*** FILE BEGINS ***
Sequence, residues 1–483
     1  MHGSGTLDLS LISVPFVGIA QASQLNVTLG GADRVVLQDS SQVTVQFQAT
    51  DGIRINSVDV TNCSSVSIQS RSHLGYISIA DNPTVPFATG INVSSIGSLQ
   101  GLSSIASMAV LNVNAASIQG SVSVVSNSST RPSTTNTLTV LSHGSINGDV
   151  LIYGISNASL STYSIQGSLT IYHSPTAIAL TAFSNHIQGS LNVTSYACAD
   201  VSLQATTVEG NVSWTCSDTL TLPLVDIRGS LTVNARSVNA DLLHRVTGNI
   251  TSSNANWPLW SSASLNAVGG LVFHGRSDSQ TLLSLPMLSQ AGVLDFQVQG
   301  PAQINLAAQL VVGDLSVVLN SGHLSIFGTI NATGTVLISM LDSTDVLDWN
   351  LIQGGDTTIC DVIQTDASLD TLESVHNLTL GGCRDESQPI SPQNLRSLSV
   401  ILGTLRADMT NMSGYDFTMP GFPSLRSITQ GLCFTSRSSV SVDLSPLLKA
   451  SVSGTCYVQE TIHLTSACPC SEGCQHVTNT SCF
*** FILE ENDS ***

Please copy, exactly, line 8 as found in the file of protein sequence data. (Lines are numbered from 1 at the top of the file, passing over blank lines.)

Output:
   301  PAQINLAAQL VVGDLSVVLN SGHLSIFGTI NATGTVLISM LDSTDVLDWN